The Tucson City Council Tuesday approved a $1.25 billion city budget for 2014-15, which starts in July.
The budget marks the spending plan for the fiscal year, but council members said they would keep looking for savings to restore some cuts made to overcome a more than $20 million deficit.
At the meeting, about a dozen people asked the council to restore proposed cuts to the cable public access television station, Access Tucson, or to small business development to encourage economic growth.
Speakers included representatives of the Tucson Hispanic Chamber of Commerce, a venture capital group in Tucson, the Microbusiness Advancement Center and Startup Tucson. Access Tucson supporters included filmmakers, station employees and people who air shows on cable access.
The council decided to move $100,000 from employee retirement cost savings into the small business and economic development to eliminate cuts.
Councilwoman Karin Uhlich proposed the change, and the rest of the council agreed.
She also proposed reducing funding for city lobbyists by about $62,000 to provide more funding for Access Tucson. The council declined to move the money immediately. Instead, it will ask for a progress report on restructuring at Access Tucson in August, and in the meantime agreed to look for other savings in the budget.
"I think we all know that state legislators respond to their own constituents," Uhlich said. She called the expense "excessive," adding the Legislature is in session for less than half the year.
Councilman Steve Kozachik and Mayor Jonathan Rothschild said they were not prepared to cut the city lobbying budget without a more detailed discussion of the impact. Council members said the city spends $111,000 on a contract for 1.5 positions with a contracted lobbyist.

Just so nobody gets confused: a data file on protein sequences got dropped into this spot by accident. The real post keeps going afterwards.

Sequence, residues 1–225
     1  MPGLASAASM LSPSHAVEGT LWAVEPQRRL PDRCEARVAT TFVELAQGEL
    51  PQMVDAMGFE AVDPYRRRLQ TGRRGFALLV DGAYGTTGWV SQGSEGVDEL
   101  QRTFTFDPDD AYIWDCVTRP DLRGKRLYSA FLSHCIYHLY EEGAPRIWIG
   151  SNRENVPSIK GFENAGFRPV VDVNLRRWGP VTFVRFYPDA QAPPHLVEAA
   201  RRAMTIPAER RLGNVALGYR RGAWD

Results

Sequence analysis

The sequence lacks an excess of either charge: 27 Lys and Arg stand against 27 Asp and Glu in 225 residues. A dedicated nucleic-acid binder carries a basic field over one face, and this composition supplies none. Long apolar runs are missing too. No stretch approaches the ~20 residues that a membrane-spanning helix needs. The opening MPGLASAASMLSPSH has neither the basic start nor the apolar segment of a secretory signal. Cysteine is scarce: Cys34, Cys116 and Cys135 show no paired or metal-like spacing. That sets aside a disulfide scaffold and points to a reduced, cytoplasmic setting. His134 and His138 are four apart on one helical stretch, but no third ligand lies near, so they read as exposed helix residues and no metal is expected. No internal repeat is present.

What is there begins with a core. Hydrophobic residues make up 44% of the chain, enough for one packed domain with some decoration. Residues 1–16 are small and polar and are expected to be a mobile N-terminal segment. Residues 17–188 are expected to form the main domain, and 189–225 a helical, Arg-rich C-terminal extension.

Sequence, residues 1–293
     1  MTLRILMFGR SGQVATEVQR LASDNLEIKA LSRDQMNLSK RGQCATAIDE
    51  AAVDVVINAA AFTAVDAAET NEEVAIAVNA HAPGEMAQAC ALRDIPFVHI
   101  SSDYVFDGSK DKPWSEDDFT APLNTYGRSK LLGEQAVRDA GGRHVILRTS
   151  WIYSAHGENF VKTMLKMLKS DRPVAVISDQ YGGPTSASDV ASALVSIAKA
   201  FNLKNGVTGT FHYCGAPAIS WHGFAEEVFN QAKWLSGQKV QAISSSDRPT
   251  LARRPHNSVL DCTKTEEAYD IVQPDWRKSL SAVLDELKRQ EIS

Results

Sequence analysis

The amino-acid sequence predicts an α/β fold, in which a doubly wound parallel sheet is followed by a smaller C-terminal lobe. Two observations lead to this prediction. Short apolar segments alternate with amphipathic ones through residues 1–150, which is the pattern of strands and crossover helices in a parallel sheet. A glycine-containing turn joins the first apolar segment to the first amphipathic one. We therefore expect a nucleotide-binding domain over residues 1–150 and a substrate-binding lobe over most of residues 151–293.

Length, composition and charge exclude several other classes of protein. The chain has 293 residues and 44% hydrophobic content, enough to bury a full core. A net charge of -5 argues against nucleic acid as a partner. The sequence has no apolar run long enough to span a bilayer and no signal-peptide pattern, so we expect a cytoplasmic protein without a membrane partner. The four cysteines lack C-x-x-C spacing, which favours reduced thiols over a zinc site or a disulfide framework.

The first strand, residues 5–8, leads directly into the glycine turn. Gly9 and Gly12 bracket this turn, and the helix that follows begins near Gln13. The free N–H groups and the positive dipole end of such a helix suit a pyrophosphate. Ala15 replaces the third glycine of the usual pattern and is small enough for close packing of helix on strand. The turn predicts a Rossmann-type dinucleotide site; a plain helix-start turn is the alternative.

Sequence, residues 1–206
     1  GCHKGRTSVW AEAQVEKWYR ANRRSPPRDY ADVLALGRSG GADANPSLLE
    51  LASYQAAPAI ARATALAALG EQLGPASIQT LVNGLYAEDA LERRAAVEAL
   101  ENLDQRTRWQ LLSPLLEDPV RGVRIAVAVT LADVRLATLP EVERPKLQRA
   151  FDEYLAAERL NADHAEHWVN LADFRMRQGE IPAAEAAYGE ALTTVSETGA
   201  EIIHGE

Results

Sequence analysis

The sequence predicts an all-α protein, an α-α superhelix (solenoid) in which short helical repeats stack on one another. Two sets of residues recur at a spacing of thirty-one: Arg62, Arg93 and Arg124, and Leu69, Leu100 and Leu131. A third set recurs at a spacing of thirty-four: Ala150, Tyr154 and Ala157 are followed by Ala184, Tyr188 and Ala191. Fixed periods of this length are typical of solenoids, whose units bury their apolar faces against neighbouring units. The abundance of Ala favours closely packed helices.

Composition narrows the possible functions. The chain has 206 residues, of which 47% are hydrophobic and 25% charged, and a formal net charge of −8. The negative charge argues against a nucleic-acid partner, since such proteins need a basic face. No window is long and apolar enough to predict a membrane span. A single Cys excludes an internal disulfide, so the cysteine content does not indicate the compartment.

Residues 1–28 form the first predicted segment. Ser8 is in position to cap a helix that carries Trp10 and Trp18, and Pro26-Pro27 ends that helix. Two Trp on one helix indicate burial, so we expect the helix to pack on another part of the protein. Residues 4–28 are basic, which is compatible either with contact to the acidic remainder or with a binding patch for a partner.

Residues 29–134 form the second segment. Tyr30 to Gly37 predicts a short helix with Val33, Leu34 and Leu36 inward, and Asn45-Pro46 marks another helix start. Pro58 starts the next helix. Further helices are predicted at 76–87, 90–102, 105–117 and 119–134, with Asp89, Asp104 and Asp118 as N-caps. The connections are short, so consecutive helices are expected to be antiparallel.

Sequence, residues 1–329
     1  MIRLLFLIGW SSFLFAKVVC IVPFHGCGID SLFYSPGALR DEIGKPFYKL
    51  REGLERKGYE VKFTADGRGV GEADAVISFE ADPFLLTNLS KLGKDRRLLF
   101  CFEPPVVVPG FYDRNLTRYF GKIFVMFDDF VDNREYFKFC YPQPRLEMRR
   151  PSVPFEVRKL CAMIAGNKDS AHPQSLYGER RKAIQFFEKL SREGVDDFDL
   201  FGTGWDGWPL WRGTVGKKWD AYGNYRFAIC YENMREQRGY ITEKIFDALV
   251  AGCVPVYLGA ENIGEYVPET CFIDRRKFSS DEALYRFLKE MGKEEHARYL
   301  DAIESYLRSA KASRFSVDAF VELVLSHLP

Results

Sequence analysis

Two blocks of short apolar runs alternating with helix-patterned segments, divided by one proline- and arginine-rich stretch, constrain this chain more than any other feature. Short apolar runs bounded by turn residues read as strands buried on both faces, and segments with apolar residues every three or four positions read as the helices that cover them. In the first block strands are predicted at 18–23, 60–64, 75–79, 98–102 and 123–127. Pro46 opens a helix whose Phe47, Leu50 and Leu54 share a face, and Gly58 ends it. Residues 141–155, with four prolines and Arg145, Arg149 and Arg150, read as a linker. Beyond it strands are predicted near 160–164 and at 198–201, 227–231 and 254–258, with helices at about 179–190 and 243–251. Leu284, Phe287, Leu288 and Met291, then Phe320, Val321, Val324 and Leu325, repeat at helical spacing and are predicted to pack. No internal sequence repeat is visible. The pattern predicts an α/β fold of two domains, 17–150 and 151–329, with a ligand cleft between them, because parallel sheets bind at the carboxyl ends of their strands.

Tucson Water spends the same amount. On top of that, the city pays some staff members to work on intergovernmental relations with the state and pays a membership fee of $100,000 to the League of Arizona Cities and Towns to lobby on its behalf.
Councilman Paul Cunningham called that spending "unacceptable," and Kozachik said he didn't want to "take our voice out of the game" in Phoenix when the Legislature is making decisions that could affect Tucson.
"I'm willing to review the structure of our lobbying efforts," Rothschild said, adding that he did not want to move funding at this time.
The budget passed on a 6-1 vote, with Kozachik voting no. He did not explain his vote.
See an in-depth report on the city of Tucson budget, including interviews with the city's chief financial officer and a former mayor, on Friday's Metro Week with host Andrea Kelly at 8:30 p.m. on PBS 6.